Higher education

Being paid to do nothing: ISU employees upset over IT restructuring

Danny Homan

Danny Homan AFSCME

As part of a restructuring effort in Iowa State University’s information technology services unit, ISU since May has been paying 19 employees to not work — telling them either to stay home or to come to work and sit in a room the employees have dubbed “Gitmo Iowa State.”

Through July 1 — covering 27 work days in May and June — Iowa State paid the nonworking employees more than $126,234, according to ISU spokesman John McCarroll. The employees were placed on the paid, nonworking status May 25 as part of a move that eliminated 23 positions from the ITS unit, which has about 175 employees total. Due to contractual obligations, the employees couldn’t be immediately terminated and must continue receiving wages.

Chief Information Officer Jim Kurtenbach sent an email to ITS employees in May explaining the cuts.

“This is the first time in over 10 years — since the merger that formed ITS — that we have stepped back to review our business processes, to examine how technology has affected our workload and workforce needs and to identify redundancies,” he wrote.

The 23 eliminated ITS positions include 11 employees who are classified as “professional and scientific” — or P&S — and covered by a “workforce reorganization policy.” They have been told to stay at home. The remaining 12 are considered “merit” workers covered by American Federation of State County and Municipal Employees Iowa Council 61. They report to campus each work day, but sit in a room for eight hours.

Affected employees held jobs in network support services, network engineering, classroom services and testing and evaluation, along with the solution center, cable plant and office of the CIO.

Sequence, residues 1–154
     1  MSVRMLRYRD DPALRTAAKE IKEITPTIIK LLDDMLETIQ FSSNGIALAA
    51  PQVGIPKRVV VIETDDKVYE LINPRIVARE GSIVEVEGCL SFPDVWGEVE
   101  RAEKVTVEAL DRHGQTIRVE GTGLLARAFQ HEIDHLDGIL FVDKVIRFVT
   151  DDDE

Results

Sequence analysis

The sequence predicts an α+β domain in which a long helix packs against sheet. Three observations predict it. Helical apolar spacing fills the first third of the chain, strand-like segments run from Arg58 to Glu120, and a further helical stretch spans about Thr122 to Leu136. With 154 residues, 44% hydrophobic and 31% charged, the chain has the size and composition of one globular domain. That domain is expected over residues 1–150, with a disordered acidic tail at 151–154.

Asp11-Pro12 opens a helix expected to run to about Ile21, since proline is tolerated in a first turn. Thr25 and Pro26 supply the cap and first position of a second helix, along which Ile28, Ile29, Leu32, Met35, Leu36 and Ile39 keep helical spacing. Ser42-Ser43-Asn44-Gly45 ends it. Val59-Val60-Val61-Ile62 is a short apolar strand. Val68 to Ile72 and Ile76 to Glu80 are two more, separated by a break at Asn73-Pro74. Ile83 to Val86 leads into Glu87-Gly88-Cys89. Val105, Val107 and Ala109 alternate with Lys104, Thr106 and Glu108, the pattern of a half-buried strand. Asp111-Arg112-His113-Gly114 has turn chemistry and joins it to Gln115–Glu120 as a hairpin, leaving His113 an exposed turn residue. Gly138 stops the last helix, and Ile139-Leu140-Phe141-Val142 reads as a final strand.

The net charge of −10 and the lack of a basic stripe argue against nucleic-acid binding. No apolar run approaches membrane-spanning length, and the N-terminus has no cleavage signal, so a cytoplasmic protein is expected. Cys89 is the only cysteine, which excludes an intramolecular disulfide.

Danny Homan, president of AFSCME Council 61 — which represents the “merit” employees — calls the situation, “an embarrassment.”


“It’s degrading to the employees. It’s shameful that Iowa State is treating long-term, dedicated employees the way they are because a former Republican legislator is trying to privatize the job.”

Kurtenbach, who initiated the restructuring of the ITS operations, is a former Republican lawmaker and former co-chairman of the Republican Party of Iowa. He was appointed interim CIO in January 2015 and had the interim status lifted in June.

He said the reorganization aims to address concerns related to inefficiencies and redundancies.

Homan said Iowa State in some cases is paying “outside” workers to fill the voids.

“They are calling it a ‘restructuring,’ that is the word they are using, but it’s privatization,” he said. “It’s people hired from the outside to do the work that these people would have done.

“It’s an interesting shell game.”

McCarroll said the university hasn’t hired any company to perform “the specific jobs of the employees.”

“However, ITS works with firms, and there may be overlapping tasks that are being handled,” he said.


McCarroll confirmed 11 merit employees report to a campus room each day, “where they have the opportunity to complete applications for other jobs.” One of the cut merit employees applied and was chosen for an open P&S position.

Typically, in instances of reorganization, merit employees “continue to work in their current roles during the reassignment and bumping process,” McCarroll said. Information technology positions, however, require more delicate handling, and best industry practices call for employees in terminating positions to be cut off from system access, he said.

“ISU is working with AFSCME to address how to handle the employees that no longer have security access to continue in their roles,” McCarroll said. “These employees will remain ISU employees should they choose.”


But Iowa State can’t move them into different roles “until each individual’s options are determined, based on seniority,” McCarroll said. “Iowa State and AFSCME continue to work through implementation of the plan.”

Homan said meetings with Iowa State and the Board of Regents have been unproductive.